6 tips for taking care of your camera

July 27, 2015

You have invested in a good camera so you will want to take the necessary precautions to protect your investment. Here are six tips to keep in mind.

6 tips for taking care of your camera

1. How to clean your lens

A clean lens is often the difference between a good and a poor photograph.

  • Excessive cleaning, however, can damage the lens coating; so clean only when necessary.

2. Protect the lens

The most fragile and expensive component in a camera system is the lens, which can be made of glass or plastic.

  • Lenses can be scratched easily, and the protective coating can be damaged by improper cleaning.
  • When the lens is not in use, always close the lens cover or replace the lens cap.
  • Many professionals keep a filter on each lens at all times. Clear ultraviolet (UV) filters are usually preferable because they reduce haze in outdoor photographs while simultaneously protecting the lens.
  • A UV filter will not affect indoor photographs at all.
  • If the filter gets damaged, you can replace it for far less money than you can the lens.

3. Replacing the battery

Batteries control many functions on a camera. Even an older camera with few automatic functions may need a battery to power the flash or trigger the shutter. Such batteries may last so long that users forget about them and assume the camera needs repair when it suddenly stops working.

  • Newer cameras have so many electronically controlled functions that they require powerful — and often expensive — batteries.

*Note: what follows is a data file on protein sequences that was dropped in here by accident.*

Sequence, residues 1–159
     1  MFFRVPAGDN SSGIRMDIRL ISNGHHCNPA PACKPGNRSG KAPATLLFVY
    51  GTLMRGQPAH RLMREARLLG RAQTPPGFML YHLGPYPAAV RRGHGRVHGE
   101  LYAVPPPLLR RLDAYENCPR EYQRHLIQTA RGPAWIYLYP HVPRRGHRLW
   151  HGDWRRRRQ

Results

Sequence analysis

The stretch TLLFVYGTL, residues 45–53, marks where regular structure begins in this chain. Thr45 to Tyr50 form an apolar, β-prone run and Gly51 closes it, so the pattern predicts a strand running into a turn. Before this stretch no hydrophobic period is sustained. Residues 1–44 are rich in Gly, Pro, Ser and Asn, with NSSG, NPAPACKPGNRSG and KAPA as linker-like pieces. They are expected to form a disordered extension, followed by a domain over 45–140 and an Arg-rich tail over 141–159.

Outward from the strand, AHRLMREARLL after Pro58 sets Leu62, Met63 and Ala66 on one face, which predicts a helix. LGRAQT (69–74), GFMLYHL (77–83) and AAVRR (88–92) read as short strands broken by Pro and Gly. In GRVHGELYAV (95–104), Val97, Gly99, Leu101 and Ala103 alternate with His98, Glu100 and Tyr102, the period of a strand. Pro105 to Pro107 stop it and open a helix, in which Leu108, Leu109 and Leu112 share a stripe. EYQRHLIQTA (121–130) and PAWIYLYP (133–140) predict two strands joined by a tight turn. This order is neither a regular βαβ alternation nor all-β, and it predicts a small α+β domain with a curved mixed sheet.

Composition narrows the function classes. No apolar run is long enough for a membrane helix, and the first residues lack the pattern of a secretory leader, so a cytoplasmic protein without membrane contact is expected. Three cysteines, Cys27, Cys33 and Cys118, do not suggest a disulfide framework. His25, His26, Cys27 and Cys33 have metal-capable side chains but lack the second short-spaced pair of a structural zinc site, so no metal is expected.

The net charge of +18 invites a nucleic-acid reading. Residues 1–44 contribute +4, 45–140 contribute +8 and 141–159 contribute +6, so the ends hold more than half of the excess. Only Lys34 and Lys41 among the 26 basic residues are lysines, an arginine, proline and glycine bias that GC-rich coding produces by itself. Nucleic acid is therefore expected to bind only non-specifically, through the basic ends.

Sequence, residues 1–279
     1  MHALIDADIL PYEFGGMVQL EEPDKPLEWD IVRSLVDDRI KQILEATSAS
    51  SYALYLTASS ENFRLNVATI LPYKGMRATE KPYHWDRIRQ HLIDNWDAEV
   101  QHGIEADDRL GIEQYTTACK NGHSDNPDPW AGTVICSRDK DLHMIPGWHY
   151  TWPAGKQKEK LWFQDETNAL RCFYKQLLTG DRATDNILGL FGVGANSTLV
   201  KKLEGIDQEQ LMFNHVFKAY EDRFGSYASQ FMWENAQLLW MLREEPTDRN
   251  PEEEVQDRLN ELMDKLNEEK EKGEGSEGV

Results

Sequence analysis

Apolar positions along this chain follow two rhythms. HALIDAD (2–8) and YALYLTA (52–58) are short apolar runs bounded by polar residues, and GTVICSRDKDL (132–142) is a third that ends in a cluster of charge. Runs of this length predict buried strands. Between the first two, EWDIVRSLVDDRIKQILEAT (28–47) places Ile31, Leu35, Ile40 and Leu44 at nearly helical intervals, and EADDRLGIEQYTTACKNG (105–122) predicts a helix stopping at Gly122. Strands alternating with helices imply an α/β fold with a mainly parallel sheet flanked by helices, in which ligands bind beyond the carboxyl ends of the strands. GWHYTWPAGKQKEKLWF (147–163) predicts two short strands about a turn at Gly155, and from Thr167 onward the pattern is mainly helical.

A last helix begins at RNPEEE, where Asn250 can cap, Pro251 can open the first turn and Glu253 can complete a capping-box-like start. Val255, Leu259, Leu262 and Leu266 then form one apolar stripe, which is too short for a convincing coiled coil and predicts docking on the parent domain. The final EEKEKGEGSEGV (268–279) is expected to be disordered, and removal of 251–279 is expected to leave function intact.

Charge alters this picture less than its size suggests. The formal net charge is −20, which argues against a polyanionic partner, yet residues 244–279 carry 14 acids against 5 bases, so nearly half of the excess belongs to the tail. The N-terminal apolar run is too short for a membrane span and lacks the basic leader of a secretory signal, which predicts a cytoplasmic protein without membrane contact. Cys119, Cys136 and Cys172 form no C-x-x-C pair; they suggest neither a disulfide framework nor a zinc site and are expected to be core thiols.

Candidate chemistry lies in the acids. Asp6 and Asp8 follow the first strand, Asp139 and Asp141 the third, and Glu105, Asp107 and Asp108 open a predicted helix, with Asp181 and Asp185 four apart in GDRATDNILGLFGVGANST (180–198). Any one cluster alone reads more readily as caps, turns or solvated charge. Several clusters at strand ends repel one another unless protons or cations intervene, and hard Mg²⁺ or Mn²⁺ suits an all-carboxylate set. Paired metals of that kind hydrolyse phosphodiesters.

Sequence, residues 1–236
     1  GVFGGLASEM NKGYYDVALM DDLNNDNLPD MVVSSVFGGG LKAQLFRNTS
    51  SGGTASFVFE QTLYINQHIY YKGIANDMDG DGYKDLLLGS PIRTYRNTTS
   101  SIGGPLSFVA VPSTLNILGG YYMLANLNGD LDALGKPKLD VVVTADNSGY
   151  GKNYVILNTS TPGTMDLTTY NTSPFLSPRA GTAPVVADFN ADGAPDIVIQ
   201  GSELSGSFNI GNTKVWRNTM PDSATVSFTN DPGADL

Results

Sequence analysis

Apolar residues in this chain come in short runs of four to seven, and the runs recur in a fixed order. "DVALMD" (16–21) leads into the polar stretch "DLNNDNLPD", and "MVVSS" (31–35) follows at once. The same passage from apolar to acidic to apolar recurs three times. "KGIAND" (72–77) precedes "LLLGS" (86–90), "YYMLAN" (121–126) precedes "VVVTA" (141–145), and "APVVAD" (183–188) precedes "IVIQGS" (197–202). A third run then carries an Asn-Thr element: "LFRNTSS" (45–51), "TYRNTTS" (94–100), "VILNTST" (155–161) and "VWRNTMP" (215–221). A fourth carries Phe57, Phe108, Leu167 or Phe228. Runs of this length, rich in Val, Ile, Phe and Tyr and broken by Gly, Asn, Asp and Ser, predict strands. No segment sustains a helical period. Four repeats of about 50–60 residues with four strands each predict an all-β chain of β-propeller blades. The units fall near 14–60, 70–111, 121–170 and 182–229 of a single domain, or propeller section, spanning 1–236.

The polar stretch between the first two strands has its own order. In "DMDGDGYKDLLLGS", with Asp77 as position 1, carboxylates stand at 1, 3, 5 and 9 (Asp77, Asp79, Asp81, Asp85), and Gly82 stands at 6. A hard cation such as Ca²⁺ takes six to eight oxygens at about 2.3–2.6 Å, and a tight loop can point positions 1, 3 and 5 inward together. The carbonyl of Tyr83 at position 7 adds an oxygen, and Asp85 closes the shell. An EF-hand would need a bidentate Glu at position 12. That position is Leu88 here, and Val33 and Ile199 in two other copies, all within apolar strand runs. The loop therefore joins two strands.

• Most batteries are easy to replace, but some cameras have batteries dedicated to memory functions that should be replaced at a service centre.
  • Check the owner's manual for directions on locating and changing the battery.
  • To buy fresh batteries, check the expiration date.
  • To prolong battery life, don't turn the camera on and off repeatedly.
  • Remove the batteries whenever you plan to store the camera for more than a couple of weeks.
  • Battery performance drops at temperatures below freezing. If you are outside in cold weather, keep the camera (and a spare battery) close to your body or in a pocket until use.

4. Improving flash performance

For a camera with a hot-shoe flash connection, performance depends on battery strength plus a good connection.

  • Change the flash unit's batteries when it starts taking longer to recycle between flashes, or when the flash's brightness fades.
  • Clean the contacts on the hot shoe and on the flash with a cotton swab dipped in electrical-contact cleaner (available at camera shops) or denatured alcohol.
  • When mounting the flash, insert it fully into the hot shoe and lock it.

5. What to do if a camera gets wet

Most cameras are not water-resistant and should not be used in rain or snow.

  • If you accidentally drop a camera in water, slow the process of oxidation by sealing the camera in a plastic bag with as much air removed as possible.
  • Take the camera to an authorized service facility as soon as you can.
  • Take special care to protect a camera when using it at the beach or near salt water; clean it thoroughly with a dry cloth after use.
  • If you want to take photographs in wet locations, or even under water, buy a waterproof camera enclosure or an underwater camera.

6. Cleaning battery contacts

The metal contacts that the battery touches must be clean in order for the battery to supply adequate power to the camera.

  • Whenever you change batteries, inspect the contacts for corrosion or dust.
  • Clean up small particles with a pencil eraser; be sure to remove any pieces of spent eraser from the camera.

Save money on replacement parts by taking care of your camera — with these tips, camera care is simple!

The material on this website is provided for entertainment, informational and educational purposes only and should never act as a substitute to the advice of an applicable professional. Use of this website is subject to our terms of use and privacy policy.
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